Wartime Musical Companion
Contributed by Assistant Curator Chris Rapley
The faithful musical companion of a remarkable New Zealand soldier recently found a new home at the National Army Museum. The Italian-made piano accordion was the treasured possession of Frank Burns and accompanied him to its place of origin when Burns fought in World War II.
He brought the accordion as a young man and quickly became a highly skilled player and won the New Zealand Accordion Championship. Burns also formed a band with some friends and played on 1ZB radio station.
Around the end of 1941, after serving as a territorial, he joined the army permanent force and underwent training at Trentham Camp. On the many train trips between Trentham and his home in Auckland Burns played his accordion almost non-stop, and other soldiers used to pack into his carriage, some lying on the luggage racks, just to hear his tunes.
Eventually Burns headed overseas to train in Maadi Camp, Egypt, and his accordion joined him on his journey, and while in Egypt he joined the New Zealand concert party on a number of occasions to entertain the troops.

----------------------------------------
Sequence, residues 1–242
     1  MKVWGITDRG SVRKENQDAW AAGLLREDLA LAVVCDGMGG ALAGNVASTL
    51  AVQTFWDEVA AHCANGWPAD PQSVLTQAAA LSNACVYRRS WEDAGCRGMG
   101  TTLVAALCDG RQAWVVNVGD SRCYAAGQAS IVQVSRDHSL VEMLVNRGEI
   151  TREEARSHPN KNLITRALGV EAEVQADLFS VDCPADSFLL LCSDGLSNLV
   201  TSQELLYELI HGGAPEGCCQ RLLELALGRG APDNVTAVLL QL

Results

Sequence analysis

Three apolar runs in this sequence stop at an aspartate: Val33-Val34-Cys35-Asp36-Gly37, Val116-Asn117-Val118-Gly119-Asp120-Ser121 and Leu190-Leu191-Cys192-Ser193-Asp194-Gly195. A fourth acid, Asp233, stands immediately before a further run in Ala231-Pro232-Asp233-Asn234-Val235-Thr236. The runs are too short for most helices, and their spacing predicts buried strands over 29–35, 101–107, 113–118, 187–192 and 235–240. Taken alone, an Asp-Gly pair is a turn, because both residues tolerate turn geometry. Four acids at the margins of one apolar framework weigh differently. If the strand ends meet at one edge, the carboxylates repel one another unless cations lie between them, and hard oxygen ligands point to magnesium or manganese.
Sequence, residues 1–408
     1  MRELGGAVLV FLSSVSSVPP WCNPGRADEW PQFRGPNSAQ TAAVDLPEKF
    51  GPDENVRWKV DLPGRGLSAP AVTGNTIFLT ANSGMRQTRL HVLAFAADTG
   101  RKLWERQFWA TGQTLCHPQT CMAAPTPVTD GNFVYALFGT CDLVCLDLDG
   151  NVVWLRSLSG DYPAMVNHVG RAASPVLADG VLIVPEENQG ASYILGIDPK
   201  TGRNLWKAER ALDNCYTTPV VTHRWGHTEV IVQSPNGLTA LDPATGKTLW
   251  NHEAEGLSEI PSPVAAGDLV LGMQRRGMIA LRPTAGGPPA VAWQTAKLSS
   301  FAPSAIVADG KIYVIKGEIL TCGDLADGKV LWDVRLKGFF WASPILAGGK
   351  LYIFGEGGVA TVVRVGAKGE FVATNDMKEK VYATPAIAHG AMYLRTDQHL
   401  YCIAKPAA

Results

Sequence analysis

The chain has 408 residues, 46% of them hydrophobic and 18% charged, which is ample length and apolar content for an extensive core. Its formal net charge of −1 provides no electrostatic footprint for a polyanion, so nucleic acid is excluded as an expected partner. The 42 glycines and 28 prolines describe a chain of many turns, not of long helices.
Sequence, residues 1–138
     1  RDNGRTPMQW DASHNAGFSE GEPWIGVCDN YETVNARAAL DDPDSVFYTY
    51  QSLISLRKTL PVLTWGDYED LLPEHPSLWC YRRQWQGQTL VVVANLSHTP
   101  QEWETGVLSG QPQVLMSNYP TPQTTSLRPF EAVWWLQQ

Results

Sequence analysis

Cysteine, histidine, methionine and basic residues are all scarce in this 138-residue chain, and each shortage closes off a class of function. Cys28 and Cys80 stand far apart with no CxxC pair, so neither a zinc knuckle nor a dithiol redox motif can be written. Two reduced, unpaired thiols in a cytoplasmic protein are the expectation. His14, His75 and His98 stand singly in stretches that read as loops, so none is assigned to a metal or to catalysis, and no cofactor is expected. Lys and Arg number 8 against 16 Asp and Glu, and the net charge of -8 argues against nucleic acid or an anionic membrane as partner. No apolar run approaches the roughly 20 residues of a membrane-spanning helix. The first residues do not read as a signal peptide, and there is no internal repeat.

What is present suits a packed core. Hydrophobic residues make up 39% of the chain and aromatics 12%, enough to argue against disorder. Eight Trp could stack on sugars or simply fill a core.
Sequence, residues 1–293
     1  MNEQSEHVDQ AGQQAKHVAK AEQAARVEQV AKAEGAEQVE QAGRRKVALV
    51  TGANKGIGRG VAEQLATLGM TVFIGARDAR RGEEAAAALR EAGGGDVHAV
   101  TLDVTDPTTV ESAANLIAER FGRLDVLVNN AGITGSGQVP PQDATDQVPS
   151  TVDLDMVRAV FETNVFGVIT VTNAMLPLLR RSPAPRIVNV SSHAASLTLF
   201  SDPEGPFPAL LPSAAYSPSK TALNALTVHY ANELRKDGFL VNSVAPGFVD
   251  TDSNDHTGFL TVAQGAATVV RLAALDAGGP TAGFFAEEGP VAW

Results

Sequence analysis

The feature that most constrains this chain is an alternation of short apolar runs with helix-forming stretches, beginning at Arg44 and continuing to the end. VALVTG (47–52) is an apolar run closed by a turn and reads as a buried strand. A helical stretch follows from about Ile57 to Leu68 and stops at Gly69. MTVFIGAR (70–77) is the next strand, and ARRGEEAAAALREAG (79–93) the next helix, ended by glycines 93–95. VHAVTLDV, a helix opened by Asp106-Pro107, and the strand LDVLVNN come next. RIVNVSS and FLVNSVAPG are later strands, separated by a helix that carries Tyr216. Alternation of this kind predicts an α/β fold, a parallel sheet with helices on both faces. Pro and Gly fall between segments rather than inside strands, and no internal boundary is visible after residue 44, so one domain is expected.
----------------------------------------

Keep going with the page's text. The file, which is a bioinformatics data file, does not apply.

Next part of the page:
When his training was over Burns joined the New Zealand Division in the hard fought Italian Campaign. When there were breaks in the fighting his accordion would come out to entertain the troops, but tragically Burns’ war came to an abrupt end when he was seriously wounded by artillery and had to have his right leg amputated above the knee.
The accordion went missing for a short time during this episode but thankfully it was found in time again for Burns to entertian other wounded soldiers on their ship back home.
However, Burns’ return home did not end his service or his commitment to his fellow soldiers; he became a very active member of the New Zealand War Amputees Association and was the editor of the national magazine War Amp until his untimely death in 1993.